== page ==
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# Is there a ceiling equivalent of // operator in Python?

I found out about the `//` operator in Python which in Python 3 does division with floor.

Is there an operator which divides with ceil instead? (I know about the `/` operator which in Python 3 does floating point division.)

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"divide-then-ceil" isn't really a common thing in maths, while `//` is based on the integer division-with-modulus operation. – millimoose Feb 11 '13 at 22:39
Important: do you want an int or float result? – smci Jun 25 '15 at 6:36
You should change accepted answer to dlitz's. math.ceil is for floats, it does not work with Python's arbitrary-precision long ints. – endolith May 1 at 17:50

There is no operator which divides with ceil. You need to `import math` and use `math.ceil`

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so foobar = math.ceil(foo / bar)? Hmm, I can live with that, don't know of anywhere I wanted to use that, was just curious, thanks – Cradam Feb 11 '13 at 22:51

You can just do upside-down floor division:

``````def ceildiv(a, b):
return -(-a // b)
``````

This works because Python's division operator does floor division (unlike in C, where integer division truncates the fractional part).

This also works with Python's big integers, because there's no (lossy) floating-point conversion.

Here's a demonstration:

``````>>> from __future__ import division   # a/b is float division
>>> from math import ceil
>>> b = 3
>>> for a in range(-7, 8):
...     print(["%d/%d" % (a, b), int(ceil(a / b)), -(-a // b)])
...
['-7/3', -2, -2]
['-6/3', -2, -2]
['-5/3', -1, -1]
['-4/3', -1, -1]
['-3/3', -1, -1]
['-2/3', 0, 0]
['-1/3', 0, 0]
['0/3', 0, 0]
['1/3', 1, 1]
['2/3', 1, 1]
['3/3', 1, 1]
['4/3', 2, 2]
['5/3', 2, 2]
['6/3', 2, 2]
['7/3', 3, 3]
``````
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Wow! Very smart! This should be the accepted solution. – apadana Apr 19 at 21:29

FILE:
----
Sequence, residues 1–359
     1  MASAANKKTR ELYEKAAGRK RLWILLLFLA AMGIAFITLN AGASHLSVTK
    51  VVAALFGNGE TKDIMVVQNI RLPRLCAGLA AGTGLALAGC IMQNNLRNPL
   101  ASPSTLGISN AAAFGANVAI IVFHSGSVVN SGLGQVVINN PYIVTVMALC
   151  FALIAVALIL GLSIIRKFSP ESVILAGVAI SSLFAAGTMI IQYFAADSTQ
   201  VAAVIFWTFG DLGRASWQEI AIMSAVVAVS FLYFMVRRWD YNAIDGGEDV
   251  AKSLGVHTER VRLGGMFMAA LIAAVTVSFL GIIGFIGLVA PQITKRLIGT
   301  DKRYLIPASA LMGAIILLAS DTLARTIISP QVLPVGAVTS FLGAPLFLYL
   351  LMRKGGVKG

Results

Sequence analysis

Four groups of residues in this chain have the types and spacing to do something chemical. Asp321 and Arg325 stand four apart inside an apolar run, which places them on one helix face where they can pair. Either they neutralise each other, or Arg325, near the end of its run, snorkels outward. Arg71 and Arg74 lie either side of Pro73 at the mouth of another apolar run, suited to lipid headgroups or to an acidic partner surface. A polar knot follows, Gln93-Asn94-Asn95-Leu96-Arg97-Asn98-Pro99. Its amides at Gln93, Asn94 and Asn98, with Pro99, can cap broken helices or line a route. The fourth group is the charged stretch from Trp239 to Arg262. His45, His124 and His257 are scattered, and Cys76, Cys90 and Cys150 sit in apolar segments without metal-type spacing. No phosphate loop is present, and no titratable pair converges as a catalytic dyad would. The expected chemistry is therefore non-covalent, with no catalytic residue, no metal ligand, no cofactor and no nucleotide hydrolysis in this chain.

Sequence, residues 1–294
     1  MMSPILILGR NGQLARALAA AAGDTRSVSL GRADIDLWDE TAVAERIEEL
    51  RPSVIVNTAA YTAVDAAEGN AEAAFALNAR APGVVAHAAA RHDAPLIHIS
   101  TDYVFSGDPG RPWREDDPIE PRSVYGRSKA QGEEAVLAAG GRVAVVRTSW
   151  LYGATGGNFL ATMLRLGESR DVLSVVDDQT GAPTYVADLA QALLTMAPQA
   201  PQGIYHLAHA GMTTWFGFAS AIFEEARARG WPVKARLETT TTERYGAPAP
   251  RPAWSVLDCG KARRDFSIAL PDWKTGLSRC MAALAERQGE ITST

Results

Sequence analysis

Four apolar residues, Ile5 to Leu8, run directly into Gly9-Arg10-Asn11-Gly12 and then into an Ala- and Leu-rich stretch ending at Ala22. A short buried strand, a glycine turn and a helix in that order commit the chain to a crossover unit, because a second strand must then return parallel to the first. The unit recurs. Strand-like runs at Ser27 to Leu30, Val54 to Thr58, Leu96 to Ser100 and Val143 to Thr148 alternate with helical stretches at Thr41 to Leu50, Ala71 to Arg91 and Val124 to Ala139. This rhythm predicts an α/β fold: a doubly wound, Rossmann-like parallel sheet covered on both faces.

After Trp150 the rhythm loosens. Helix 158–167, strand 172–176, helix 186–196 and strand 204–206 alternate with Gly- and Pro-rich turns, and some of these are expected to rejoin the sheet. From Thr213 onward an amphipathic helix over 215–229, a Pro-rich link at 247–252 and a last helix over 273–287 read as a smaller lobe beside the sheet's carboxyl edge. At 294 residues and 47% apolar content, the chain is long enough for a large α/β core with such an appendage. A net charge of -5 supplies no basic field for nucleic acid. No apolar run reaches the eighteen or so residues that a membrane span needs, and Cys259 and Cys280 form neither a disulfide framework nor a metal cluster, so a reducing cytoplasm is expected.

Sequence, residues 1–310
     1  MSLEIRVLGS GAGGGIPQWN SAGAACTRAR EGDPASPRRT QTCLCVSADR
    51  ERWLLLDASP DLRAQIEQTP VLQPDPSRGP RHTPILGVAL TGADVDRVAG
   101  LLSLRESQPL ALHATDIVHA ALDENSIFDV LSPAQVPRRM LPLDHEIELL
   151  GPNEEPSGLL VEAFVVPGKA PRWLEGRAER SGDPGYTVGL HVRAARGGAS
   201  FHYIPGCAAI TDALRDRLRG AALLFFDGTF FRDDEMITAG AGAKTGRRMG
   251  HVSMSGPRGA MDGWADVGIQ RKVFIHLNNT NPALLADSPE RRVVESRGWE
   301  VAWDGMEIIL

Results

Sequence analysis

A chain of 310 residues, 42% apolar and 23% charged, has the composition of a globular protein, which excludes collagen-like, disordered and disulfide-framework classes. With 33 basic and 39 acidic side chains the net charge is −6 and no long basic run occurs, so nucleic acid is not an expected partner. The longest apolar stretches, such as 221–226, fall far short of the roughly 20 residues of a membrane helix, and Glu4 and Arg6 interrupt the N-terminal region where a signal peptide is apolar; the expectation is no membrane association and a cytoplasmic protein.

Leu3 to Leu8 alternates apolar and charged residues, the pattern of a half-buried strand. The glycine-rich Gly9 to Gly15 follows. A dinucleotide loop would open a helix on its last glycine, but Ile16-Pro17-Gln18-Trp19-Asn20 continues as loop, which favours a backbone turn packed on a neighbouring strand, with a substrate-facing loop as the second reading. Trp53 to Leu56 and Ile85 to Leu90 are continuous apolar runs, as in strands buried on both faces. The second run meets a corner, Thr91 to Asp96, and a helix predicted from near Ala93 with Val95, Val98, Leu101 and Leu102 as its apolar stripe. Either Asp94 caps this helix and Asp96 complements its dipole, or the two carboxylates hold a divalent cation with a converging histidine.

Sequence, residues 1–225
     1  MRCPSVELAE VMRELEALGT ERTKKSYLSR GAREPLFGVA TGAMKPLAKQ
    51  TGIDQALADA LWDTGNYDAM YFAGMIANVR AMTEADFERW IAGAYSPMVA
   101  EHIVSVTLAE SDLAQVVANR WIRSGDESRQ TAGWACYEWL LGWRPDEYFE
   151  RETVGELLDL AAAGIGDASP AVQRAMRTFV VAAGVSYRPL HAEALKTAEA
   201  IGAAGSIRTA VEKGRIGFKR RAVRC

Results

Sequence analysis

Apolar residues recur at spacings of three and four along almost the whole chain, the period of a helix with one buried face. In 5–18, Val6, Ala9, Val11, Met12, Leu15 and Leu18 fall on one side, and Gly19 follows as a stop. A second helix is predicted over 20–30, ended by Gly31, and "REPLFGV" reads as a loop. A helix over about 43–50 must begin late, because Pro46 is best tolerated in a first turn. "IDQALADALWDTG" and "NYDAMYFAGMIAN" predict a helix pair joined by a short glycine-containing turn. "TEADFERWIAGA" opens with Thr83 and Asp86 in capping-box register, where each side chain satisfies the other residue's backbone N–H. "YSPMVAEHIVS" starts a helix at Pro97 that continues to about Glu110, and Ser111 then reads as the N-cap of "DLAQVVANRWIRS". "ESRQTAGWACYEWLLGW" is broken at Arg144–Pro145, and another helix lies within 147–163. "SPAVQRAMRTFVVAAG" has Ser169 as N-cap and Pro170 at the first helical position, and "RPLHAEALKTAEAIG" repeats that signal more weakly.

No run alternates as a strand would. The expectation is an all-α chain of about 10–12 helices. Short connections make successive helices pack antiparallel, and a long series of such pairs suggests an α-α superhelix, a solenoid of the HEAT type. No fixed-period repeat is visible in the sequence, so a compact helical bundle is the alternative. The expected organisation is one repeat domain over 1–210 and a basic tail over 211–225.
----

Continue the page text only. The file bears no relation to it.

You can always just do it inline as well

``````((foo - 1) // bar) + 1
``````

In python3, this is just shy of an order of magnitude faster than forcing the float division and calling ceil(), provided you care about the speed. Which you shouldn't, unless you've proven through usage that you need to.

``````>>> timeit.timeit("((5 - 1) // 4) + 1", number = 100000000)
1.7249219375662506
>>> timeit.timeit("ceil(5/4)", setup="from math import ceil", number = 100000000)
12.096064013894647
``````
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just ran those tests myself I get about 12.5 seconds, ehrm, why wouldn't I care about speed when it is such a huge speed difference? – Cradam Feb 11 '13 at 23:17
@Cradam Note that he's using doing 100 million calls (`number=100000000`). Per single call, the difference is pretty insignificant. – Rushy Panchal Feb 11 '13 at 23:19
ahh, thanks, i'll be using ceil method then – Cradam Feb 11 '13 at 23:23
Because code clarity trumps all. Clarity is objective in this case probably. But you should always make readable/maintainable first. When, and only when, you've discovered a performance checkpoint, do you get to break the rules. Modern machines are so fast, and so often all of the other stuff your program is doing renders this kind of difference lost in the noise. – Travis Griggs Feb 11 '13 at 23:26
@TravisGriggs using integer math instead of floating point math isn't just for speed. For large enough integers float math gives the wrong answer – endolith Mar 23 at 1:47

You could do `(x + (d-1)) // d` when dividing `x` by `d`, i.e. `(x + 4) // 5`.

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This is the classic method I've used forever. Doesn't work for negative divisors though. – Mark Ransom Jul 8 '13 at 16:20

Note that math.ceil is limited to 53 bits of precision. If you are working with large integers, you may not get exact results.

The gmpy2 libary provides a `c_div` function which uses ceiling rounding.

Disclaimer: I maintain gmpy2.

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This package would be useful if I was doing something heavily mathematics or science orientated, I prefer the answer which uses core libraries though. I am giving an upvote though as it is a useful answer – Cradam Feb 12 '13 at 13:38